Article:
Perennials Plant Propagation
The easiest way of propagating perennials is to divide an established plant. You will often find that after 3 or 4 years perennials have clumped up and start to have a bare middle. At this point either in October or March dig the plant up and using a spade (or two spades back to back) divide the outer section into a number of plants, usually 3-6. These can then be planted out and will have the vigour of a young plant. If there is a central section of root this is discarded. This process is essential to maintain vigour in some plants such as geums and rhubabarb.
The next easiest propagation method is seed. Allow seeds to fully ripen and then collect them, seal in a labelled packet and place in the freezer (seeds will not germinate until they think the cold winter has passed). They can be sown from February onwards, and will usually require some heat in order to germinate, so a warm windowsill or greenhouse is required. If you intend to do much of this some form of heated propagator may be a worthwhile investment. Note that most perennials raised from seed will not flower in their first year.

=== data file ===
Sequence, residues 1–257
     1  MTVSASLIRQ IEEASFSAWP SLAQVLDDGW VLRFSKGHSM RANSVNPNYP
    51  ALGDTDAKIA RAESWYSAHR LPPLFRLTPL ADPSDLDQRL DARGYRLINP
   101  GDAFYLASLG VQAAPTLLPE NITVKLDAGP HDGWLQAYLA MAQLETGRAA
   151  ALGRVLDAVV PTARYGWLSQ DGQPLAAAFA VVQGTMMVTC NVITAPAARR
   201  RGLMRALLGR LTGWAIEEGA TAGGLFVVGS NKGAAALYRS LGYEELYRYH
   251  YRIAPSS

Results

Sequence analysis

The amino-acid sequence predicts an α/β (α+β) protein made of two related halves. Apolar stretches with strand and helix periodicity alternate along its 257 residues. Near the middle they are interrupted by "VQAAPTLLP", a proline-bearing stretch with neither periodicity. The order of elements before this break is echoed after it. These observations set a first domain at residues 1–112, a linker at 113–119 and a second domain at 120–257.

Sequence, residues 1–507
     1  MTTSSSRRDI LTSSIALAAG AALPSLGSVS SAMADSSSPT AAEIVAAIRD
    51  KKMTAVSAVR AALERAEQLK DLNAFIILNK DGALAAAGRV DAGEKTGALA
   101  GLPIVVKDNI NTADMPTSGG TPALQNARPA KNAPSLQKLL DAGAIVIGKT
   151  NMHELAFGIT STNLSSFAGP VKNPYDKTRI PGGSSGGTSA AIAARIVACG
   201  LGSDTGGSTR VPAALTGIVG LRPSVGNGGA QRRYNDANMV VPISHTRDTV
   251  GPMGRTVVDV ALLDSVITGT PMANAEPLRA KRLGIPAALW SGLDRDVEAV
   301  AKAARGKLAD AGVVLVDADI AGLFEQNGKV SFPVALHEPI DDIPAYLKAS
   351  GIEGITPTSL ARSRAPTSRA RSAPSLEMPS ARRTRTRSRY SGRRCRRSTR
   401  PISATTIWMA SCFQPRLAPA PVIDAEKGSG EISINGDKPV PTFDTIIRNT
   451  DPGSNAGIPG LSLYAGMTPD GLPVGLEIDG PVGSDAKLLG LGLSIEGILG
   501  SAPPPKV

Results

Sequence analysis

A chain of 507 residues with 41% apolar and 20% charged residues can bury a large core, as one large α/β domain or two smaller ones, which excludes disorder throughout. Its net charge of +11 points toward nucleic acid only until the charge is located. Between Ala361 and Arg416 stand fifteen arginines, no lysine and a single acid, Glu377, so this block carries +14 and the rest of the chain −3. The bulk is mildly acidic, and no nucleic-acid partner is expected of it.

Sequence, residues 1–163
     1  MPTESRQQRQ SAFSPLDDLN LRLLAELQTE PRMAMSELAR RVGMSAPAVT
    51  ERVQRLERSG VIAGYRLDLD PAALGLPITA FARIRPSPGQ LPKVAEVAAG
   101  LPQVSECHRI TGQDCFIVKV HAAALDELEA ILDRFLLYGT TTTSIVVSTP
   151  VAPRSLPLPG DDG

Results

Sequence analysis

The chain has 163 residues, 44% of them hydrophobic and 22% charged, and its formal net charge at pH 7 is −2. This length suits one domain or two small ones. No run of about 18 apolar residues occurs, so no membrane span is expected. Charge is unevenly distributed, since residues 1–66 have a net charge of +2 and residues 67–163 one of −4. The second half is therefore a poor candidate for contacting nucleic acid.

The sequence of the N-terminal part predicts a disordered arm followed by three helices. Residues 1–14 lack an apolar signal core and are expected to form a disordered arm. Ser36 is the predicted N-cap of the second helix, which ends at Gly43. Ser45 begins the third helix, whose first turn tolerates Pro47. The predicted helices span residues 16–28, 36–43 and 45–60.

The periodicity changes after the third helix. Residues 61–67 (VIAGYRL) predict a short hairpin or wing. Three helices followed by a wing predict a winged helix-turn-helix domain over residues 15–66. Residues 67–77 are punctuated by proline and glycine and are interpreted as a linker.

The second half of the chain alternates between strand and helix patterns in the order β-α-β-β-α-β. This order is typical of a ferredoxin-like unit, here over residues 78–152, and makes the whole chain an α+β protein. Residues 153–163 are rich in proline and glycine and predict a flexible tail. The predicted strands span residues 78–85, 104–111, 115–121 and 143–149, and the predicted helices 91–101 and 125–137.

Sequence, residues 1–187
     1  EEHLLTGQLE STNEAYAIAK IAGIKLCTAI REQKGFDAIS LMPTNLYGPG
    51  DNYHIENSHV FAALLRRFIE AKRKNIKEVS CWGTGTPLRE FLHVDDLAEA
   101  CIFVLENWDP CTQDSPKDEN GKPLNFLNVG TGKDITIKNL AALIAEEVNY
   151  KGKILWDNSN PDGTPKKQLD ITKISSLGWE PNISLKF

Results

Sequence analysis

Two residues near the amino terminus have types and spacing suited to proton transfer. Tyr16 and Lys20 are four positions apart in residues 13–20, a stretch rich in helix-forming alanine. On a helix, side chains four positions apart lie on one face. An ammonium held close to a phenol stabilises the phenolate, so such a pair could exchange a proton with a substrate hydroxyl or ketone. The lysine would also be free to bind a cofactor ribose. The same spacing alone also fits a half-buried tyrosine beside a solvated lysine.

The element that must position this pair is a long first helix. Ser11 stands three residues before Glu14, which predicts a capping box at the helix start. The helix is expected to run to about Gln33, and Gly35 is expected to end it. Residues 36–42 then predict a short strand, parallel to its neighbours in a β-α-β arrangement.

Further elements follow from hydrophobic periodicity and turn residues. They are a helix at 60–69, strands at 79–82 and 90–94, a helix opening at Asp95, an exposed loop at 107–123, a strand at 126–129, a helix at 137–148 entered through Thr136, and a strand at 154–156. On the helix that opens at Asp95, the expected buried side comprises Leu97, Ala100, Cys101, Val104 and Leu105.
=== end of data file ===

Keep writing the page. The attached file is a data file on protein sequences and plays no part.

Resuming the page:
The final method to try is softwood cuttings. Cut a non flowering side shoot about 4 inches long and remove a few leaves at the bottom. Make a clean cut just below a node using a sharp knife and dip in rooting hormone if you want. Dibble a hole in your potting medium and insert the cutting, gently firming it in. Some warmth is now very beneficial, warm windowsill, greenhouse etc. Assuming you do the cutting between July and early September, they should be rooted after a couple of weeks, at which point they can be potted up into individual pots and kept in a greenhouse or cold frame until they are planted out in spring.